Pastor John Piper, a survivor of prostate cancer surgery, wrote: Life is not a straight line leading from one blessing to the next and then finally to Heaven. Life is a winding and troubled road. The biblical stories like Joseph, Job, Esther, and Ruth help us feel in our bones (not just know in our heads) that the Lord is for us in all these strange turns. He doesn’t just show up after the trouble and clean it up. Jesus is plotting the course and managing the troubles with far-reaching purposes for our good and for His own glory….The most dangerous thing in the world is the sin of self-reliance and the stupor of worldliness. The news of cancer has had a wonderfully blasting effect on these wrongs for me. I thank God for that. The times with Christ in those days was unusually sweet.3
Lessons for Us
In the Scripture above, God through Hosea teaches us at least three things:
1. The Lord is merciful so we should run back home to Him, not away from Him. Jesus makes this point in His Prodigal Son parable. That parable is really more about God’s generosity toward repenting sinners, more than about how badly we ruin our lives. This is Jesus’ good news! Because of Christ’s sinless life, substitutionary death on the cross, His bodily resurrection from the grave, and His guaranteed return, God pardons our transgressions. He doesn’t stay angry at us forever because He delights in mercy. The Lord shows us compassion and takes our sins (past, present, and future) and dumps them in the sea and puts up a sign that that reads, “No Fishing Allowed.”4 So Christians must accept our acceptance in Jesus and accept one another just as Christ accepted us, in order to bring praise to God.5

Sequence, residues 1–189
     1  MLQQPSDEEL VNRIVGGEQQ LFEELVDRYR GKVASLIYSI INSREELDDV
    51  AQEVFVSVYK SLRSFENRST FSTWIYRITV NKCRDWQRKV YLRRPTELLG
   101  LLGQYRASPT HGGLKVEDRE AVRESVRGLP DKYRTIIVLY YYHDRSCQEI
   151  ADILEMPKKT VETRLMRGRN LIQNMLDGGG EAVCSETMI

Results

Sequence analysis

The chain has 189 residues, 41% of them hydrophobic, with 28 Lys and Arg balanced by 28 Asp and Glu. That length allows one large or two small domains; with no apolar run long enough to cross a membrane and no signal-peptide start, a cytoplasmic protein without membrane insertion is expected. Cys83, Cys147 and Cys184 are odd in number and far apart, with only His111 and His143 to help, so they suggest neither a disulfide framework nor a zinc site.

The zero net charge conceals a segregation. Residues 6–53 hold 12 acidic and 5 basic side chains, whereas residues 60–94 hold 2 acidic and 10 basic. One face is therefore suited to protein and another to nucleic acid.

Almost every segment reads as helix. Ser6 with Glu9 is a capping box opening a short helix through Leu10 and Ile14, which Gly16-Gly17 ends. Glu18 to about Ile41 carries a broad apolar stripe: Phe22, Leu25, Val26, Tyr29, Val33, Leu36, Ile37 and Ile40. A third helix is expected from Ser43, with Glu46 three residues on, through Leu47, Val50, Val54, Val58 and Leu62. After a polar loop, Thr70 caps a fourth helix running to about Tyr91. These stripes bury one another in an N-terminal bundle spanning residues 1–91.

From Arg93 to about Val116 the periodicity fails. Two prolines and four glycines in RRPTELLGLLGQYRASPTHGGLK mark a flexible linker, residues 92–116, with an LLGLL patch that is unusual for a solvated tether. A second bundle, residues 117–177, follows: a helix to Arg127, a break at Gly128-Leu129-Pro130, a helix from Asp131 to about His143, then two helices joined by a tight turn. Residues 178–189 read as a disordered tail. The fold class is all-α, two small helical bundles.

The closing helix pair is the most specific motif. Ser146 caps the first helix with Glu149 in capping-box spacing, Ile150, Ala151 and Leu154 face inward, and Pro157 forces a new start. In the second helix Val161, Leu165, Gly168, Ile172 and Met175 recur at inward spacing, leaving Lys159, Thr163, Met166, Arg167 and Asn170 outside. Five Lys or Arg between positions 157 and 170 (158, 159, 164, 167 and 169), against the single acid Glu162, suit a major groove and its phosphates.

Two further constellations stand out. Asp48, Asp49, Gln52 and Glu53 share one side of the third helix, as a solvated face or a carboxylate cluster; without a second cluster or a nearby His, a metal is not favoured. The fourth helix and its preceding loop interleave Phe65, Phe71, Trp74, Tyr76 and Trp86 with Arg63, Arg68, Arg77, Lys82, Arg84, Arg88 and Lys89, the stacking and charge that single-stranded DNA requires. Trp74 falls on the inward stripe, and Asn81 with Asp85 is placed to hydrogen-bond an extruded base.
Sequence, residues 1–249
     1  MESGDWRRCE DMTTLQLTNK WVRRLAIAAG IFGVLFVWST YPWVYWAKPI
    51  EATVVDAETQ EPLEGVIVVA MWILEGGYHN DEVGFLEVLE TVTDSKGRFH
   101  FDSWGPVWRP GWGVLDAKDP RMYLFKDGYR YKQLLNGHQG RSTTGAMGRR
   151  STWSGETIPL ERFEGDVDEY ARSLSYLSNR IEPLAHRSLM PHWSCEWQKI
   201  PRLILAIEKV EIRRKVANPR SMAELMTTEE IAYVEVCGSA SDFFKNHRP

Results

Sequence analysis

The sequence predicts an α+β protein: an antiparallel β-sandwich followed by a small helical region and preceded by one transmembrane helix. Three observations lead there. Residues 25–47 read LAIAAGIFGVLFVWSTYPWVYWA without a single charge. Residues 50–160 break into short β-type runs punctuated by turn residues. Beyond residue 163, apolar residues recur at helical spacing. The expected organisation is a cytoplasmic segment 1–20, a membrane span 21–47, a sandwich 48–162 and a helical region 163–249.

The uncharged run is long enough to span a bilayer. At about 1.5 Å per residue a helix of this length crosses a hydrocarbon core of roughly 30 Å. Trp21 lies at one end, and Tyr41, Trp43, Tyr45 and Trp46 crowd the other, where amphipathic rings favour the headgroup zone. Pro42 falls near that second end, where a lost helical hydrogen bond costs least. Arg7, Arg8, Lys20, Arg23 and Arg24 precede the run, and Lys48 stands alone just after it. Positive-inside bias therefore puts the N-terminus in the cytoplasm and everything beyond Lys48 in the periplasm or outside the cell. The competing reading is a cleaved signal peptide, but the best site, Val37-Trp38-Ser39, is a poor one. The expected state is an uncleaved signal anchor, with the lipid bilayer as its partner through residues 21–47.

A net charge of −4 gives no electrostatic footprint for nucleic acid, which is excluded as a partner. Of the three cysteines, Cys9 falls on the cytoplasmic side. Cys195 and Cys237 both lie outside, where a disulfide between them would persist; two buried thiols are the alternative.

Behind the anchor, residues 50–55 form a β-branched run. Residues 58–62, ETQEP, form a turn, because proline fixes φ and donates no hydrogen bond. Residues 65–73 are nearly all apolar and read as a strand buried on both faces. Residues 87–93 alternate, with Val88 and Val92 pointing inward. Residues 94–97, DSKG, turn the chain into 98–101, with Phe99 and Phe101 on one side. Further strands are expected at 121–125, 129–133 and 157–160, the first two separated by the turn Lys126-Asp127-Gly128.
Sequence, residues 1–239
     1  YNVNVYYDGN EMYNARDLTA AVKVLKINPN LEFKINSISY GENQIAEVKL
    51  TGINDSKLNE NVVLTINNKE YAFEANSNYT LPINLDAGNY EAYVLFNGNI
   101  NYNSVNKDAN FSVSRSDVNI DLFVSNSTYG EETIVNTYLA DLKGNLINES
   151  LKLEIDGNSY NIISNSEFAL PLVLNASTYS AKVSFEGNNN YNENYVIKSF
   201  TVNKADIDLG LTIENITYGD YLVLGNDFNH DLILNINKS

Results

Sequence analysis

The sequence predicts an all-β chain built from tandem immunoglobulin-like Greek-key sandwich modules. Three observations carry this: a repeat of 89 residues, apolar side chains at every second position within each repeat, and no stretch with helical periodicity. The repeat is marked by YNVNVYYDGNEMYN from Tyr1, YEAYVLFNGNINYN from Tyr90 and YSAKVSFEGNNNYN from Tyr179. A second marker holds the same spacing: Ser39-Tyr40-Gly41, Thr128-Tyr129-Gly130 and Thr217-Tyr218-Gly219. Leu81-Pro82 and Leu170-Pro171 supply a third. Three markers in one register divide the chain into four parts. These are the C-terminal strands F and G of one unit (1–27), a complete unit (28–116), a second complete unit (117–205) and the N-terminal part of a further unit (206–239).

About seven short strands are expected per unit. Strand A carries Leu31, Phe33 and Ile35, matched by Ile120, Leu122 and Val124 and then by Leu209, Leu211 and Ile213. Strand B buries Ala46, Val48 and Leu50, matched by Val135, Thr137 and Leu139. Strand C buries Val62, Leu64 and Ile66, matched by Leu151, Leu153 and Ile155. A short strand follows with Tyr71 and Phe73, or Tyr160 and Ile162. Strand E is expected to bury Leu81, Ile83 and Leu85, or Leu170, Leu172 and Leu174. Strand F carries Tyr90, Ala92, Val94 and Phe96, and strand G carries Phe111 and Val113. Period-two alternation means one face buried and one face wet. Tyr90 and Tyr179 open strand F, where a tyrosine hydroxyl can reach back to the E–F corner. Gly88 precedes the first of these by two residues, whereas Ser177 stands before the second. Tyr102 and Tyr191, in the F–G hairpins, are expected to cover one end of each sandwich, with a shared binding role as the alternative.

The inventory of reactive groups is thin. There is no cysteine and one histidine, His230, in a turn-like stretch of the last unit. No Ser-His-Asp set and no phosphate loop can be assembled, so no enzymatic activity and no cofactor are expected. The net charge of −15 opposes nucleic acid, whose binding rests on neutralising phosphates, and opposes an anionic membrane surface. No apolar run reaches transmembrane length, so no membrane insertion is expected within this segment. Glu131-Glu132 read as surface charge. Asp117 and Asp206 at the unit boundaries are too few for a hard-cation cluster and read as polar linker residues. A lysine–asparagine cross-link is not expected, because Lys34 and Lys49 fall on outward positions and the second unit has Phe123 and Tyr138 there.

2. Our suffering in this life is relatively brief compared to the eternal blessing that Christ prepares for His followers. The Apostle Peter encourages, “There is wonderful joy ahead, even though you have to endure many trials for a little while.”6
3. The Lord gives us recovery from bad habits so that we grow in knowing Him. Jesus said the way to eternal life is knowing the only true God (Father, Son, and Holy Spirit) through the Messiah God sent to earth.7 Ignorance of God is ultimately the source of all our sin and misery while knowing and walking with Him is the source of all joy and blessing. When we return home to the Lord, He refreshes us.
St. Augustine who lived 354–430 AD was a Roman African and early Christian theologian. He wisely reminds us: “Because God has made us for Himself, our hearts are restless until we rest in Him.”
Scripture says: Seek the Lord while He may be found; call on Him while He is near. Let the wicked forsake their ways and the unrighteous their thoughts. Let them turn to the Lord, and He will have mercy on them, and to our God, for He will freely pardon. (Isaiah 55:6-7)
Prayer: Lord Jesus Christ, you took the pain of the cross and rose from the grave to give us new life. Help us walk in the light, as you are in the light. Restore to us the joy of your salvation, to fellowship with you and with one another. Pardon and purify us from all our wrongs. Fill us with your Holy Spirit and with His assurance of God’s love, His peace of conscience, His gladness, and His growing in grace. Help us to follow and serve you all our lives. We praise you, Lord Jesus. Amen.
Notes (various translations): 1 World Population Clock in October 2019. 2 See Hebrews 12:5-11. 3 John Piper, A Sweet and Bitter Providence (2010, p. 101-102). 4 See Micah 7:18-19 and comments by Corrie Ten Boom. 5 Rom 15:7. 6 1 Peter 1:6. 7 John 17:3.